Are You Trying to Lower Your Rate?
If your goal is to pay less in interest, refinancing will be effective only if you can qualify for a new loan at a lower rate. If your credit hasn’t improved much since you took out your original Sallie Mae loan, this may not be possible. Always check your credit report to assess how likely it is that you’ll qualify for a low-rate refinance loan.
You should also consider getting preliminary rate quotes from a few refinancing lenders before you begin the official application process. This will give you an idea of the rates you’ll receive so you can decide if going forward with refinancing is worth it.
Are You Trying to Lower Your Monthly Payment?
If your goal is to reduce your monthly payment because you can’t afford your current one, this may be possible even if you can’t qualify for a loan at a lower rate. You just need to be able to qualify for a refinance loan with an extended loan repayment term.
Keep in mind, though, that this could lead to higher costs in the long-run due to paying interest for a longer period of time.
It’s a good idea to try to forecast how your refinance loan will affect your long-term costs. Our student loan refinance calculator can help you run the numbers to see how a change in loan rates or a change in your loan repayment options could affect your costs.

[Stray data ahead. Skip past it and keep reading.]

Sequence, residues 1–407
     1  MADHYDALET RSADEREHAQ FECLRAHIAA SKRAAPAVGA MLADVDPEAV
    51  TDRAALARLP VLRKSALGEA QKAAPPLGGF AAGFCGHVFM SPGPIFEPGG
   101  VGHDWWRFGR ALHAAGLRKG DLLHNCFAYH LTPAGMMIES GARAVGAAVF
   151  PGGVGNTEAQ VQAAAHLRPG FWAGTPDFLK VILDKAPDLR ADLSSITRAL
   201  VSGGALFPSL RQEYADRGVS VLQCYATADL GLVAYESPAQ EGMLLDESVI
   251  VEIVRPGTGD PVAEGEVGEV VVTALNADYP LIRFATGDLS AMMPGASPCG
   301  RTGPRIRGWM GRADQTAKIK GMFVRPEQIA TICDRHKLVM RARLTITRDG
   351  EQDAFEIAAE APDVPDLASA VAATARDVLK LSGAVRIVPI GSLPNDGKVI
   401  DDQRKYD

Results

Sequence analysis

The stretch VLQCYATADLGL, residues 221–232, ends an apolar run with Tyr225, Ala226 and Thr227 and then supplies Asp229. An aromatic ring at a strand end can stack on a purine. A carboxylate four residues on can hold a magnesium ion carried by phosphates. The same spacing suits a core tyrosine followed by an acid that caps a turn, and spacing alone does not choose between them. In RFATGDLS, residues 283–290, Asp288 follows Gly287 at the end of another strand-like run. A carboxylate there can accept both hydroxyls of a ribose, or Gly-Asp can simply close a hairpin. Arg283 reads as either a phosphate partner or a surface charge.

Do You Still Need Your Cosigner?
If you took out your original loan with a cosigner because you couldn’t qualify on your own, refinancing may be an excellent opportunity to release that cosigner from their obligation to your student loan debt.
That said, chances are good that your cosigner still has a better credit score than you do. If that’s the case—and if your lender of choice accepts cosigners—keeping your cosigner on the refinanced loan may help you qualify for a lower interest rate.
Bottom Line: Should You Refinance Your Sallie Mae Loans?
If you are thinking about refinancing your Sallie Mae loans, you’ll need to find a private lender offering refinance loans. You’ll also need to make sure you can qualify for a new loan that’s better in some ways than your old one—either because the monthly payment is lower, the rate is lower, or both. If you can lower your rate and free up more money in your budget, refinancing your loans is likely worth doing.
Author: Christy Rakoczy